◼︎ TECHNICAL PAPER
Pushing the envelope of liquid-jet guided laser machining applying modern IR fiber lasers
Jens Gaebelein, Jeroen Hribar Download paper as PDF (2.5MB)
Liquid-jet aka waterjet guided laser technology is meanwhile more than 30 years old, yet still appears to be an odd duck among other more widely applied laser technologies. Recently new technological developments were made in an effort to expand the scope of the liquid-jet guided laser into industrial applications that require 24/7 production processes. A laser head and laser coupling method have been successfully developed to enable the use of modern high-performance fiber laser sources and efficiently unleash multi kilowatts of power into tiny waterjets. Additionally, the operation and the maintenance procedures for the technology have been simplified significantly, providing a user-friendly experience.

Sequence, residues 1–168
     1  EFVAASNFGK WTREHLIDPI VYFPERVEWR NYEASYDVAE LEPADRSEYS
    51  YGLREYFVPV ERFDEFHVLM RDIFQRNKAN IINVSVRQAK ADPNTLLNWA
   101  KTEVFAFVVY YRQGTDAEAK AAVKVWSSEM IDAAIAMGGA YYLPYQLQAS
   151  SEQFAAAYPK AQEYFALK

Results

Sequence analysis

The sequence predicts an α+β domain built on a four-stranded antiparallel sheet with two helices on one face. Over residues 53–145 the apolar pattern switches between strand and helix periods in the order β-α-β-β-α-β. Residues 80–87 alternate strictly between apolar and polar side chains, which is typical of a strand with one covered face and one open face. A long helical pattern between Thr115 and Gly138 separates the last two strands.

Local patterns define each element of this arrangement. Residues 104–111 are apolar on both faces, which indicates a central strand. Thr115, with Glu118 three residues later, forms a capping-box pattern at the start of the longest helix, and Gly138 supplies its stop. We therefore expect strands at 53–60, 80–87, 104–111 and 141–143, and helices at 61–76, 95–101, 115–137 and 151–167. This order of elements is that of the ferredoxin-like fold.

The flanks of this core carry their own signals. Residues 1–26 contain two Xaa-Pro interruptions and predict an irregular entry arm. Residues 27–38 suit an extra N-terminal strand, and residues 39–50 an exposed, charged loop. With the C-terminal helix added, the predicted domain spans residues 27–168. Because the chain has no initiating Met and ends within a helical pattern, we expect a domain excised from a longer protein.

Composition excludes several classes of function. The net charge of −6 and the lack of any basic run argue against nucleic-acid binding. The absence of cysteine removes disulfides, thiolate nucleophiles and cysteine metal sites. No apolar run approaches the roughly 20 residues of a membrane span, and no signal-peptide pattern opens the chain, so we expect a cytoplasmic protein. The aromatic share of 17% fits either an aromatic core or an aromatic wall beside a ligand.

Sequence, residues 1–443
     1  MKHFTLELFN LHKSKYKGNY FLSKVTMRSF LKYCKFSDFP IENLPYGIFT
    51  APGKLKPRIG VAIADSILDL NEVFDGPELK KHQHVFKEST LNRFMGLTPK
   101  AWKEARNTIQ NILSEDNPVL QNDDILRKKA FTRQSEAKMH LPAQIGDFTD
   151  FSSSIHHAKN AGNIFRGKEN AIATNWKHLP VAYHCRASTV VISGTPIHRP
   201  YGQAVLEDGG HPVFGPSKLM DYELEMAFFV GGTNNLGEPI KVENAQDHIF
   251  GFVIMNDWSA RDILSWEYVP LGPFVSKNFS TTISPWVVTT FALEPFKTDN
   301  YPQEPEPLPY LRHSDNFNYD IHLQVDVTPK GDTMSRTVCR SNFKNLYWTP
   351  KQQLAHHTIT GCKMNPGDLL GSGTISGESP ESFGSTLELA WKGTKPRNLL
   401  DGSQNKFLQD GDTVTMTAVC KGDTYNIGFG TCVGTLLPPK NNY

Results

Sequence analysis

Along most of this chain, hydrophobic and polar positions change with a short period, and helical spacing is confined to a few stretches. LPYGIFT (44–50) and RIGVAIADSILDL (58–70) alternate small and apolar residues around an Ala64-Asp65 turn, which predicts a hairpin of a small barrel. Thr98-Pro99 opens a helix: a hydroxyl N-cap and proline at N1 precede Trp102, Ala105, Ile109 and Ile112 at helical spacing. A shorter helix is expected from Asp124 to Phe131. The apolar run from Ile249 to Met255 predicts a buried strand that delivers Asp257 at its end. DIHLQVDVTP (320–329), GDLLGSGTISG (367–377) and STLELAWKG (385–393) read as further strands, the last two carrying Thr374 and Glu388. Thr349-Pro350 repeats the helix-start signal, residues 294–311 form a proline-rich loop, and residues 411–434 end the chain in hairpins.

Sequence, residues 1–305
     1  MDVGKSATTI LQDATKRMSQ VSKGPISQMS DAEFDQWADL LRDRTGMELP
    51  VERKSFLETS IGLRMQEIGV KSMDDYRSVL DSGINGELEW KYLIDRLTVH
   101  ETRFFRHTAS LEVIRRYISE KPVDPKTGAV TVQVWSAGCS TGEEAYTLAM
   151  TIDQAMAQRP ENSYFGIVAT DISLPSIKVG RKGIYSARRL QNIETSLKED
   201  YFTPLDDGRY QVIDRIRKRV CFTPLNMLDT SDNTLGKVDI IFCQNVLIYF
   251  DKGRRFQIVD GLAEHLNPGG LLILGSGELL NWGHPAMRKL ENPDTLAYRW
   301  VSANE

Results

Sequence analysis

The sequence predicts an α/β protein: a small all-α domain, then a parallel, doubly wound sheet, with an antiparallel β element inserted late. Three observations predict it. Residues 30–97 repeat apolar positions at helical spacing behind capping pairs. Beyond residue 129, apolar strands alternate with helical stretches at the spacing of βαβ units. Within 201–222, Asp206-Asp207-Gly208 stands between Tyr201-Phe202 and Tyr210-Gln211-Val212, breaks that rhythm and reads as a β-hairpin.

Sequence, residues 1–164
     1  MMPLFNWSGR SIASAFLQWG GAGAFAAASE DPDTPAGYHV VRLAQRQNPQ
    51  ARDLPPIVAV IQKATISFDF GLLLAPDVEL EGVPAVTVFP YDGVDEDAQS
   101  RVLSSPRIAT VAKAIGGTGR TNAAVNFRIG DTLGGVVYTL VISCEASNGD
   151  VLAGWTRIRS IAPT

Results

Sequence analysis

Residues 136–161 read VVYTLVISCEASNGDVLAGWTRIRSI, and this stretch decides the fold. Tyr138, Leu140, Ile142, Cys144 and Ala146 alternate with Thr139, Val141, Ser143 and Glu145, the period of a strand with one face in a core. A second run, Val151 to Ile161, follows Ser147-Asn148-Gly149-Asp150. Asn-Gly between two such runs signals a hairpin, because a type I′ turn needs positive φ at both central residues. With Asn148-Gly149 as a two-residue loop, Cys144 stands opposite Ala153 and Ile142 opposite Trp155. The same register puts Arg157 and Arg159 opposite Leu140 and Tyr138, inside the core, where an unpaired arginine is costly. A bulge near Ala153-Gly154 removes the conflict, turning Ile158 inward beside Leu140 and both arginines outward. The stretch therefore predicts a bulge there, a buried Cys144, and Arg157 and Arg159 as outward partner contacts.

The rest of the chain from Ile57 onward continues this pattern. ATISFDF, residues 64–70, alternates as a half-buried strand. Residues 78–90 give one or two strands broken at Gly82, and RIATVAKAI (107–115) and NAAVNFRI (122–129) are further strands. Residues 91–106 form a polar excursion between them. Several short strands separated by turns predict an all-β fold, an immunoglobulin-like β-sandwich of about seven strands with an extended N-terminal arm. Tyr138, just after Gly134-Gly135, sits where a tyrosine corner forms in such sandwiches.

History of the waterjet guided laser
It’s not so commonly known, but back in the year 1986, Aesculap-Werke AG, based out of Tuttlingen, Germany, invented the first system that guides a laser beam to a work piece by applying the principle of total internal reflection inside a liquid column . For this purpose, a small liquid column was flown around the aperture of an optical fiber. In 1991 LASAG AG refined this principle by generating the liquid column using a waterjet nozzle and focusing the laser beam into the nozzle inlet . Building on the same laser coupling principle as LASAG, yet another refinement step was made by B. Richerzhagen in the year 1994 , which was then commercialized by Synova SA from 1997 in the way that most people know of this technology today.
Technological challenges to overcome